Lyrically and musically, where do you guys find your inspiration for writing?

Trevor: I definitely have the easiest time writing about more difficult situations, wether it be heartbreak or the loss of a loved one, or bouts of depression even, that’s when I find I get creatively more prolific and can write a lot more. I have a hard time, I haven’t really been able to write any straight up love songs, but I definitely derive a lot of influence from the Beatles, I feel like they did a great job of going through all the different emotions and writing songs about them. Listening to songwriters like John Pratt I’ve been learning to trim the fat on my lyrics now and just try to say what needs to be said, get rid of all the jumble in between and make sure we get the point across. Sometimes I’ll have a half an idea in my head or none at all and we’ll go jam in the basement and that will strike inspiration because someone plays something that makes you think a different way and you come up with things that have no rime or reason, I also like to keep it an open discussion with my head and my heart I guess.

Murray: Sometimes I think it really helps that we grew up together, I’ve know Trev since I was five years old or something and I’ve known Shea since I was ten, so as soon as we started playing music we were doing it together. We had blues, r&b, classic rock cover band when we were growing up, then actually the three of us got hired to be a lot of people’s backing bands and still kind of play around the Edmonton area. I think arranging songs and trying to figure out what works, and producing ourselves really helped us a lot to make these songs work and now on our latest record we actually have a producer so we bring the songs as close as we think we can get them and then we have this other really experienced guy helping us out which I think has really helped us bring our songs to the next level.

Have you guys had any big surprises along the way?

Shea: Well from the start, I think like Trevor was saying earlier, we never really expected to turn this into a business and start touring around the world because that was far from why we were playing music, it was always just about hanging out and jamming. It feels like it’s been such a natural progression up to this point though that were almost a bit numb to the whole thing, when you take a step back it’s like wow we’re headed off to tour Germany or we’re playing all across Canada or we have a record that has any radio play, it all is really awesome but I never expected it.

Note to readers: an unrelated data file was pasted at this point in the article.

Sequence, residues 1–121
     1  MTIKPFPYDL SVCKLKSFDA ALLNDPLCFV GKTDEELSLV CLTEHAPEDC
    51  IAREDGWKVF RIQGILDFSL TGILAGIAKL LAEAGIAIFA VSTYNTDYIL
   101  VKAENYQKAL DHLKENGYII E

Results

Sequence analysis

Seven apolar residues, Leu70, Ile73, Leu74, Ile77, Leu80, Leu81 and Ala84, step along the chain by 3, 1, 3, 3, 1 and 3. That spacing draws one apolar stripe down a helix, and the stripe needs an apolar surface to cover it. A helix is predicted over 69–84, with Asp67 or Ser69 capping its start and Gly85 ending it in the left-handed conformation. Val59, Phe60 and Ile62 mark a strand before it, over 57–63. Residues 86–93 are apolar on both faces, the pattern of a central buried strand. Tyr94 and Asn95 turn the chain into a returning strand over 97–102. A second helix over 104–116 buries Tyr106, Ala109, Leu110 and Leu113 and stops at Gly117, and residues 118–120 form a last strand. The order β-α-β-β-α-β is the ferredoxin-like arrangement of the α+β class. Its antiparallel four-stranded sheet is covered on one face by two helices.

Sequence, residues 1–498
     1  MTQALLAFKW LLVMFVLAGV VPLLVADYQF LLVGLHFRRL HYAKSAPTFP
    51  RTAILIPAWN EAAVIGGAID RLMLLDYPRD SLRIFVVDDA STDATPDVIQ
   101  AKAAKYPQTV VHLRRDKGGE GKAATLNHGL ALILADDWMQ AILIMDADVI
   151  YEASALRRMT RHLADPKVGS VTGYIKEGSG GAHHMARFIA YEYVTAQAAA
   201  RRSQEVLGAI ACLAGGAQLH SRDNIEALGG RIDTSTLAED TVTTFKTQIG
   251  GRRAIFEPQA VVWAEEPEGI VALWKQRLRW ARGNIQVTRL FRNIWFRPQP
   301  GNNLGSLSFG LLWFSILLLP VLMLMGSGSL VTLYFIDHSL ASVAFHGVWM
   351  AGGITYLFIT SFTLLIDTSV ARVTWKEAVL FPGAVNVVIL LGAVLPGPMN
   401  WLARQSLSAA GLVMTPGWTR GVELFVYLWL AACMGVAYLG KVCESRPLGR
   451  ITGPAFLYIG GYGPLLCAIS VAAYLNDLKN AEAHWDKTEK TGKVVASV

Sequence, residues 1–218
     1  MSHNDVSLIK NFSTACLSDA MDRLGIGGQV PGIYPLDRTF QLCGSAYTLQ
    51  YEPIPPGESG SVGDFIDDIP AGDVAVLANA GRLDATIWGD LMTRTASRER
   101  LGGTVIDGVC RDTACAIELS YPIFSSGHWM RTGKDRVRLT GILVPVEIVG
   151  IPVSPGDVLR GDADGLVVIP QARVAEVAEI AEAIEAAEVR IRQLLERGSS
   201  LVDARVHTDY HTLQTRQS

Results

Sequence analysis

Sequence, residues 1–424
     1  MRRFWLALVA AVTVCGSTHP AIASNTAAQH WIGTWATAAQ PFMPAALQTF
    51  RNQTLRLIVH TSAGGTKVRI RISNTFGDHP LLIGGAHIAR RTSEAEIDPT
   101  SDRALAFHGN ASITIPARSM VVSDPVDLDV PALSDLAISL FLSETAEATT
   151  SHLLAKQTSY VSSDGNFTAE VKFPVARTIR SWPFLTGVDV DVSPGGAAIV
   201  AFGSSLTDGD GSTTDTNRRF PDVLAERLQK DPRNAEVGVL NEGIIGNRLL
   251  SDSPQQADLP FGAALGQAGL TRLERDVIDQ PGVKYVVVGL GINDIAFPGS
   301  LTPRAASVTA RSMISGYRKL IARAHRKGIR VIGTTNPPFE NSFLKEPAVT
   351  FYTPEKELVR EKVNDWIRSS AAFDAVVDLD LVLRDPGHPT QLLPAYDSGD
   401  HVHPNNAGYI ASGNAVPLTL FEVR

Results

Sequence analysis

Trevor: It’s all been a big surprise I guess and every little accomplishment along the way is something we didn’t expect.

Murray: We’ve always had goals and we’d say ok I guess we’re going to make the next record now and that would become the plan. It’s kind of like the Europe thing, we got it in our heads and then we kind of forced it to happen. Next is Australia and I think it’s going to be the same way, we’ve got the idea in our heads and we’re going to find a way to make it happen. We make it sound like we don’t work, but we do really work hard for this stuff, but there is some intention behind it, at the same time we’re really go with the flow, and if something’s not working, we’re not really the ones that will be trying to jam a square peg in a round hole, we try to do what comes naturally, and we try to make our team(publicist,agents,etc) up of similar kinds of people and I think that it’s worked for us, the vibe we have around the band is really good now.

Trevor: I think we’ve been kind of unknowingly patient and it’s paid off, we’ve held our cards close to our chests and not really started work with people we don’t know, because we’re just three best buds who don’t want to wreck this by letting the wrong hands get involved, we want to have fun and we want to make good music and we have to keep that as our core value, not money or fame, maybe both of those things will eventually come along if we hold true to our ourselves, and if not we’ve already done a lot of really cool stuff along the way.

Last question, who is your favourite Canadian band?

Trevor: The Band

Shea: The Band is The Band, and We love The Band, but I think right now it’s Wintersleep. No I’m gonna change that, Sam Roberts.

Murray: We actually get to open up for Sam Roberts at K Days so we’re pretty stoked about that! Tokyo Police Club have always been one of my favourites and we get to play with them coming up too, we’re starting to get to play with more of our heroes. We’re very thankful for all the amazing Canadian talent out there!

Scenic Route To Alaska is:
Trevor Mann – Lead Vocals, Lead Guitar
Murray Wood – Bass Guitar
Shea Connor – Drums